Romania is the country with the most stray dogs in all of Europe and where the government allows EU-funded grants that exist to stop the problem, go straight into the pocket. Romania is also a country known for its bribery scandals - from health care all the way up to high-ranking government officials and top politicians. In 2013, the government introduced the "law of death" - a law where you as a city have the right to catch dogs and put them in a municipal fence - usually without food and water and where care is non-existent - to later kill the dog after a couple of weeks. Having the right to kill these animals and the way it is done is inhumane and painful with great suffering for the dogs before death frees them. This means that grassroots organizations like DogRescue, work hard, every day, to protect those who cannot speak those who do not have their own voice and who suffer severely in a country like this. Today, DogRescue helps save thousands of dogs from death each year. Some dogs undergo an adoption program - and are then adopted to several European countries through other organizations. DogRescue also mediates dogs home to Sweden where expectant adopters meet up. The dog finally gets its own home - but only after a solid test and action program - and with the necessary agreements and insurance required. As some of these dogs may have a traumatic background, the association places high demands on the adopter and has a lifelong follow-up for both dog and owner where you can be helpful throughout the dog's life in Sweden. Without all the zealots in the association and a great commitment, thousands of dogs would have met a painful and uncertain death every year.
2. Why is the clinic sold?
The clinic is sold because a specialist veterinarian in Romania has chosen to continue entirely in its specialist field, animal neurology, instead of running a general veterinary clinic that is currently taking place. For several years, this specialist veterinarian has built up a fully functioning clinic that today has good reputation, complete equipment, staff and repeat customers. DogRescue Sweden has now been given the opportunity to negotiate and to take over the entire business for a fixed amount, lower than the expected starting price. The requirement is that the purchase is completed before the public sale starts during spring 2018.
3. Why does DogRescue need its own clinic?
Since the association was founded, they have been dependent on getting help and working with other veterinary clinics. When the association year 2016 succeeded in the impossible - to buy their own piece of land and create their own sanctuary for the street dogs in Romania, so as not to depend on others and be able to set their own standard, far higher than the law requires on treatment and testing. of animals, they have grown magnificently. More and more animals are coming to the fence and all animals are in need of veterinary care. The waiting times at other clinics are too long, the costs high and the distance from one's own fence to the clinics too long. A private clinic is needed to save more lives.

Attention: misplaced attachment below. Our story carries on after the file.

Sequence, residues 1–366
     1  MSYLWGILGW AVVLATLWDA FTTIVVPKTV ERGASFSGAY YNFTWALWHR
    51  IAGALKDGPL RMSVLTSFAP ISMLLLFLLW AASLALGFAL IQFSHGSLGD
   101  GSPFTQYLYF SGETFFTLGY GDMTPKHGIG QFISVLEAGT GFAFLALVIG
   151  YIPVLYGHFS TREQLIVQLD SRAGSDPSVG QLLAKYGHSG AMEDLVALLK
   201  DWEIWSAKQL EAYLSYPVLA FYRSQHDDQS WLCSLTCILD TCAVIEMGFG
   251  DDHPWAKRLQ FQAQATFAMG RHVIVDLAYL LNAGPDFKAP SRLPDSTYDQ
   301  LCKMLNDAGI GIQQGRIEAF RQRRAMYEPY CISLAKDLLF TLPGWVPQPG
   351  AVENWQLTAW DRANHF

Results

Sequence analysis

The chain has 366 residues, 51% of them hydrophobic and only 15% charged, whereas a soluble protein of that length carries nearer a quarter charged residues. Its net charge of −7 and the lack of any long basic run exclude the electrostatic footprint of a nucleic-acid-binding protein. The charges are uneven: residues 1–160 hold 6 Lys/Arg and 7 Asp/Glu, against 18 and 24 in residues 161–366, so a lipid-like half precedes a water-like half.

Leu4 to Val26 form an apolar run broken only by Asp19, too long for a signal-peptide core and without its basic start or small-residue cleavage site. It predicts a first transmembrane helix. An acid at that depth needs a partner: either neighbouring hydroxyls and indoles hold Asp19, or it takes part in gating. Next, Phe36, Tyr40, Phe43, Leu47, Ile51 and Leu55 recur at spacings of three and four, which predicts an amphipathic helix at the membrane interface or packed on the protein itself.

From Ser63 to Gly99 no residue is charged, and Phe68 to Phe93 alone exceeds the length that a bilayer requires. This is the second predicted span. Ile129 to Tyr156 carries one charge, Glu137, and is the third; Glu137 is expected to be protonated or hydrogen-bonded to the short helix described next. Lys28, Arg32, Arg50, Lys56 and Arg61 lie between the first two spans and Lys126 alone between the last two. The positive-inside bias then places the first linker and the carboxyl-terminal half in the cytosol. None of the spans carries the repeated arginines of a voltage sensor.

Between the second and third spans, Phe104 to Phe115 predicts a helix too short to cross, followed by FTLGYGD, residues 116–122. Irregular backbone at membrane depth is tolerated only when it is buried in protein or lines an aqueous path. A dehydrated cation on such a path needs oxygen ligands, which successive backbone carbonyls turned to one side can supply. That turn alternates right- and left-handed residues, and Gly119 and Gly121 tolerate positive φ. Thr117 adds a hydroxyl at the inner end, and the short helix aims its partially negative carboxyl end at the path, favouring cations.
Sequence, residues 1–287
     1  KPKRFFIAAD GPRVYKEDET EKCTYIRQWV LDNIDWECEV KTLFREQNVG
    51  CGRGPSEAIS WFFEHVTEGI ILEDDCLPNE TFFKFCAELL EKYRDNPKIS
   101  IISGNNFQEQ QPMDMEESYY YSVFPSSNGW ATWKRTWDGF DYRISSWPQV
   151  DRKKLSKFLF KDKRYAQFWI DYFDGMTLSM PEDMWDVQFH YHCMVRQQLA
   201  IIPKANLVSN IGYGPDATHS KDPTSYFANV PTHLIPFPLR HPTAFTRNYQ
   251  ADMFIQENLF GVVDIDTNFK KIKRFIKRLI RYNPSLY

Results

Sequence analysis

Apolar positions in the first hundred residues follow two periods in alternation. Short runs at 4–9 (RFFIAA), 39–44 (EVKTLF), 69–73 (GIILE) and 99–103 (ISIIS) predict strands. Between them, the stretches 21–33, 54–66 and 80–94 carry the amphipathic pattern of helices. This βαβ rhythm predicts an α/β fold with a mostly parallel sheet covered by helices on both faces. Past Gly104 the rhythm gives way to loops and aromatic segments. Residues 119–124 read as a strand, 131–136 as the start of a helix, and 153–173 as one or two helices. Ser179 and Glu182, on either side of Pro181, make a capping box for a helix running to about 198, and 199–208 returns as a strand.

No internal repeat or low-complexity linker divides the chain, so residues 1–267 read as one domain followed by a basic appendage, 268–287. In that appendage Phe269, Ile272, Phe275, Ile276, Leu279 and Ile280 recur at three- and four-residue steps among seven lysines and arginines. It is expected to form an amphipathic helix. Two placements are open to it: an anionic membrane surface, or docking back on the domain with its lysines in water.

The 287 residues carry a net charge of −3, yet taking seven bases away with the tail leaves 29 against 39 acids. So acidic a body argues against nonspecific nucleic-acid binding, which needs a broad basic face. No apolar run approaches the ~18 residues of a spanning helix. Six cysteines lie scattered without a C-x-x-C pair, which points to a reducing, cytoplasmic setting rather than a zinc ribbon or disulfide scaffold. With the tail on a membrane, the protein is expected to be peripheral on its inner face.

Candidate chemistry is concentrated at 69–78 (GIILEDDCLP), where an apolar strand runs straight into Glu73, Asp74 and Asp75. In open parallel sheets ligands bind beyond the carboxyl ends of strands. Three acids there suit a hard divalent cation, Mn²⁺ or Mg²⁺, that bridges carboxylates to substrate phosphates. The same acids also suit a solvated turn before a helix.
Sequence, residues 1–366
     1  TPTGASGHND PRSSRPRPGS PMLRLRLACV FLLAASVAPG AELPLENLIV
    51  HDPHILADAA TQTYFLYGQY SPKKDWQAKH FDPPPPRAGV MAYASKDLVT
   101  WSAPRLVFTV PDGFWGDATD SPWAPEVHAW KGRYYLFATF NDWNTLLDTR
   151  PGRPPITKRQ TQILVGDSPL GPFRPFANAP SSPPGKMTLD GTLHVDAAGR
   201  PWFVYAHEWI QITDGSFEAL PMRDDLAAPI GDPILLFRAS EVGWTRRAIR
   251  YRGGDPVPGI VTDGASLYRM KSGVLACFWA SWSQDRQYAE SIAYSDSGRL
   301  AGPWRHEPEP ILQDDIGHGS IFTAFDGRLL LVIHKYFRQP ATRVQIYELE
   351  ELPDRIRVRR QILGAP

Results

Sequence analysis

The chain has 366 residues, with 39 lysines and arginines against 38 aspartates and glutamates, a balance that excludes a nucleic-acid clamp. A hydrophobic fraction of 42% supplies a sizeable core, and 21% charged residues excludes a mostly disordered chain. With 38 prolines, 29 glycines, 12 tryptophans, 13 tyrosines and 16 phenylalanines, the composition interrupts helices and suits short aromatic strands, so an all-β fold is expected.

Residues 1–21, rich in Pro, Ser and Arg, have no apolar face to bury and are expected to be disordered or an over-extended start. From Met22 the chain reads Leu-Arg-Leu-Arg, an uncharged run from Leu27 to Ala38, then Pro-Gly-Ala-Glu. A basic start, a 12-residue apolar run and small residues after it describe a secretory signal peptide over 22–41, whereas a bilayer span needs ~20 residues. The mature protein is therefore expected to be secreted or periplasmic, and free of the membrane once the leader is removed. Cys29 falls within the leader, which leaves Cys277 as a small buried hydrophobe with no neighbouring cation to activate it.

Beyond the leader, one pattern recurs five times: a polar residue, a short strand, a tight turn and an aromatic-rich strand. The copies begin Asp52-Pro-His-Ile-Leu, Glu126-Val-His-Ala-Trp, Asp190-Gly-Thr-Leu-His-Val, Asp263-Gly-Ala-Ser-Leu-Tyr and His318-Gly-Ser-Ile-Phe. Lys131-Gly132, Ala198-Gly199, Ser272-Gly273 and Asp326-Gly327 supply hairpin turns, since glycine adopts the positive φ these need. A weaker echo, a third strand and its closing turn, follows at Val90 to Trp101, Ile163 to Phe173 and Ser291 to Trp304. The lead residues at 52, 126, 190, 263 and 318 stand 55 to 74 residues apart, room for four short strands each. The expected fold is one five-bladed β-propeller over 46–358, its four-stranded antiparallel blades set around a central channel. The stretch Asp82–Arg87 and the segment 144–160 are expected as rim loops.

The clinic costs a total of 500 000 SEK to acquire.
4. How can I best help?
It is possible to donate internationally via regular bank transfer, credit card, Paypal or Swish (only within Sweden). You can donate from any country in the world. All money raised goes to rescue more dogs from death and continue to develop a veterinary clinic in Romania with Swedish standards. After donating an optional grant, you are welcome to share this information with your friends via Social Media. Then you further increase the chance that we will succeed.
5. What happens after the purchase?
Right after the purchase, DogRescue can start working day one. Since there are both staff and repeat customers today, the business will continue just as before and that all dogs that DogRescue itself has in its own fence and in the future will save, receive first priority and help immediately without waiting times. We can and dare to receive more dogs and save more lives.
Help us help!
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For press questions, please refer to the association's office: firstname.lastname@example.org or telephone: 010 - 101 41 80
Below are editorial photos from the association that can be downloaded for free and used by journalists, bloggers and more. In case of problems with downloading and / or need more photos taken by a professional photographer down in Romania, contact the Office and these will be sent on request.